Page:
During administrative reorganization and staff reductions in 1995, the USGS Geologic Names Committee was restructured and its scope of activities was reduced. The remnants of the Committee were reorganized in the Reston, Virginia offices of USGS. As a result, it was no longer necessary for the GNC to maintain four separate datasets. Also, there was a demand to develop the geologic names lexicon into a format readable by various computer platforms and technologies; further, the new lexicon needed to be easily updated and relatively inexpensive to maintain.
In 1997, we began the task of combining the four databases from USGS Digital Data Series DDS-6 into a single database (GEOLEX) using Microsoft Access. This database is then converted to an Oracle database and connected via scripts to the web-based search engine. GEOLEX data initially was compiled from the GNULEX databases, starting with the eastern region and moving west (Fig. 1). Data from the GEONAMES database was added to GEOLEX last, to fill in data missing from the GNULEX databases. Although its format is obviously more appropriate for database design than the regional GNULEX databases, the data in GEONAMES was not considered inclusive enough for the greater geologic community to effectively research the origin, definition and description, and publication history of geologic units in the U.S.
Today, the USGS Geologic Names Committee continues to review manuscripts, and document and maintain a catalog of geologic nomenclature for the U.S., its possessions, and territories. These data are added to GEOLEX on a regular basis and we are preparing GEOLEX for USGS Director's approval as a "standing database".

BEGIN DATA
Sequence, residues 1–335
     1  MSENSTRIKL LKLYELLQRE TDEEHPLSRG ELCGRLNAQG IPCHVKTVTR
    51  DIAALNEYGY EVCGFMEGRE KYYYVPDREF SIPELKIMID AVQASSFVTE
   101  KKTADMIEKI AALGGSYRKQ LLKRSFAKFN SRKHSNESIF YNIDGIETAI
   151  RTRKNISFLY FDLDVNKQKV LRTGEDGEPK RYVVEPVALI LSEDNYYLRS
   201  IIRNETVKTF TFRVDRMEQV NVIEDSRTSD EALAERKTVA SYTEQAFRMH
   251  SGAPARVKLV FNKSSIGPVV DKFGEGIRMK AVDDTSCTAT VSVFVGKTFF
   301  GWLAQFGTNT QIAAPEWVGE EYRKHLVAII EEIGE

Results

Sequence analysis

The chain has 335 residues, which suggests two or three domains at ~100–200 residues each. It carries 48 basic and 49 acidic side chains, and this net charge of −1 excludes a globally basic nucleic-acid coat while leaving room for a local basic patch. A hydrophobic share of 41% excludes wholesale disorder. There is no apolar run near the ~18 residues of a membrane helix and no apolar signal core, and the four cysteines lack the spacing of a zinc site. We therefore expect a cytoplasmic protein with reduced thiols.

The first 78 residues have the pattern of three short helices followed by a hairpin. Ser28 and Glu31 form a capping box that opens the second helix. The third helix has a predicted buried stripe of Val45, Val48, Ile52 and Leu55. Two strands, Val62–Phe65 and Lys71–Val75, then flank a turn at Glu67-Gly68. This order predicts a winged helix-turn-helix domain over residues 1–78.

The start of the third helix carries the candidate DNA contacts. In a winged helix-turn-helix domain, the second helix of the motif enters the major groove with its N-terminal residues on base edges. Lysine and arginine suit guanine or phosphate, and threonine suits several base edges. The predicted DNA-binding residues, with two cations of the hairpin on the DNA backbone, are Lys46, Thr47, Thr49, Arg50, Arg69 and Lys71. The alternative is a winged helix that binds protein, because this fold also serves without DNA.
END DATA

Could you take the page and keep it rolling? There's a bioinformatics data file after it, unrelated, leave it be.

The usage, age assignment, geographic area and geologic province allocation, and subunits for geologic units reported on by USGS authors in either USGS or outside formal publications are denoted with an asterisk. Geologic name usage, age, geographic and geologic extent, and subunits not denoted with an asterisk have been published by State Survey and other non-USGS scientists.
|Figure 1. Map showing generalized areas covered by the USGS Eastern, Central, and Western regional Geologic Names Committee offices from 1961-1995.|
Figure 2. GEOLEX home page.
Figure 4. North American Stratigraphic Code.
Upon using the comprehensive or quick search page (Fig. 3) to conduct a search of GEOLEX, the search results page (Fig. 5) is displayed. The results page contains general information about the geologic name. The citation summary page (Fig. 6) is linked from the search results page through the "publication history" field. By selecting the "History" link (Fig. 5), the user can view the bibliographic citations and synopses of information compiled from the publications.
The information displayed on these citation summary pages (Fig. 6) were extracted from the regional GNULEX databases using Perl scripts and cut-and-paste methods to transfer appropriate information to GEOLEX data fields. For the 16,005 geologic names in GEOLEX, there are approximately 30,000 synopses pertaining to the establishment or revision of specific geologic units. These synopses were compiled from approximately 8500 publications.